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AdLand: More Crowded Than We Thought
By: Dwayne W. Waite Jr.
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Sometimes it is worth taking a step back and looking at a situation in a different light. As an advertising professional, especially in the agency world, we are obligated to stay up to date with the happenings of the industry. We, as well as you, keep abreast of the news from Adweek, AdAge, MediaPost, Ad Contrarian, Forbes, NY Times, LA Times, TechCrunch, and the like to make sure we know the latest trends and technology. We know the movers and shakers. We see who is losing the big accounts and who is winning them.

But when we concentrate our time reading from those sources, we develop a sense of the industry that may not be entirely accurate. We started to focus on the "icy grip" holding groups were taking on agencies and the advertising world; we started critiquing the cries for talent and more creativity. We wrote more on the lack of black people and women in leadership positions. We all constantly hear about the small and tight-knit world of advertising.

Is it all true?

The assertions should certainly be questioned. Michael Blanding interviewed Harvard professor Alvin Silk about the changing of the advertising landscape and the agencies that roam it, and his studies and findings are fascinating. Silk has focused his time and energy on the economics of advertising agencies and how and why they behave the way they do. From studying compensation models to competition, Silk has published several papers about the advertising agency model and its changes from the 1960s to today.

Silk asserts that the industry has changed tremendously since the "Golden Age" of the 1960s, which is a good thing. The full-service agency isn't nearly as popular as it once was, either. According to the research, only 23% of agencies offered specialized services in 1987, compared to 65% in 2007.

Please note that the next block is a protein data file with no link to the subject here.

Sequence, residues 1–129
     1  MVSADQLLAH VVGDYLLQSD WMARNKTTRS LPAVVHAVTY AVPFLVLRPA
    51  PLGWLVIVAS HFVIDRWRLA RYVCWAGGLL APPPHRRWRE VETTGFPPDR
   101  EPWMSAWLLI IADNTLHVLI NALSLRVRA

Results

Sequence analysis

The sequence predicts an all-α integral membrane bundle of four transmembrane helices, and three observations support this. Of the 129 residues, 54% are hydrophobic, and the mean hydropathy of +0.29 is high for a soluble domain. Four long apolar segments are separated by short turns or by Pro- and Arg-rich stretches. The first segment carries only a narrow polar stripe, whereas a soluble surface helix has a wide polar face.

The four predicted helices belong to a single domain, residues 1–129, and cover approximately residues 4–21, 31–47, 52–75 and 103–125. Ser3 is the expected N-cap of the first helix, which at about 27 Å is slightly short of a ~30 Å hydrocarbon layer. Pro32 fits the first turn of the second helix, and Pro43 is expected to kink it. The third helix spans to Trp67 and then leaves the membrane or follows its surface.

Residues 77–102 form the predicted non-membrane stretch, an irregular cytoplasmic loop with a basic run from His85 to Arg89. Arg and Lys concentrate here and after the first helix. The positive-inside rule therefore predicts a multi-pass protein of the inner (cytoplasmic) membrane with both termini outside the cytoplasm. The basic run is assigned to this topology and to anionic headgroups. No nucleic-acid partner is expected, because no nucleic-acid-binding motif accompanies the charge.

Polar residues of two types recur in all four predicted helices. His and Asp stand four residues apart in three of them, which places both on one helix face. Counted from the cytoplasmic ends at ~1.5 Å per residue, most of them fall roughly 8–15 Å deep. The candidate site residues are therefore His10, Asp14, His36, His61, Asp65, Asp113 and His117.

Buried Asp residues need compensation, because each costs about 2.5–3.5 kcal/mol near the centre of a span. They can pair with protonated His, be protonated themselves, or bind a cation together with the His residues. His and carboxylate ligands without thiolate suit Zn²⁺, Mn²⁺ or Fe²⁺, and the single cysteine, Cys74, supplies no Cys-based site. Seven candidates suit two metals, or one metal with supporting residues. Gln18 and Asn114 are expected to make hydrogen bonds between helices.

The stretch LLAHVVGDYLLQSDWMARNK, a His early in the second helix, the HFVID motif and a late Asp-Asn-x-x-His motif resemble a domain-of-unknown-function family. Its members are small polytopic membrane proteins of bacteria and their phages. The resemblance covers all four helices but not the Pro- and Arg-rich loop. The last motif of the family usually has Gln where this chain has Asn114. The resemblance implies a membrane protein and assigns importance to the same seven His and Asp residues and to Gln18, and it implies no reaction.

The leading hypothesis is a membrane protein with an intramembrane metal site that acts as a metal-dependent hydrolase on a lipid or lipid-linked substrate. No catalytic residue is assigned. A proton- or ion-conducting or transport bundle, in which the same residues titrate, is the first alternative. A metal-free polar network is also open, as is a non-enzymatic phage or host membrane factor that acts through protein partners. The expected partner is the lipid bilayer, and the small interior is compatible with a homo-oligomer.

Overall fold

Also, the market is as competitive and loose as it's ever been. Silk and his colleagues found that the four largest holding companies in the industry account for only 25% of the total industry revenue in the U.S., and has stayed around that percentage for the past decade.

Some icy grip.

It makes sense. The industry news we follow cannot and will not cover every single happening in our industry. Covering the big guys is easy and shapes the conversation. Sure, the major topics like diversity and creativity will continue to pop up now and then, but the industry itself is full of bustling, small, and agile shops that do not deserve to be thrown in the pot with the ones snagging the headlines.

The advertising landscape is competitive, fruitful, and full of shops that specialize, offer full services, and deliver. Regardless what our industry media says, AdLand isn't as concentrated and stagnant as we're led to believe.

That's a good thing.

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About the Author
Dwayne W. Waite Jr. is partner and principal at JDW: The Charlotte Agency, a marketing and advertising shop in Charlotte, NC. He enjoys consumer behavior, economics, and football.
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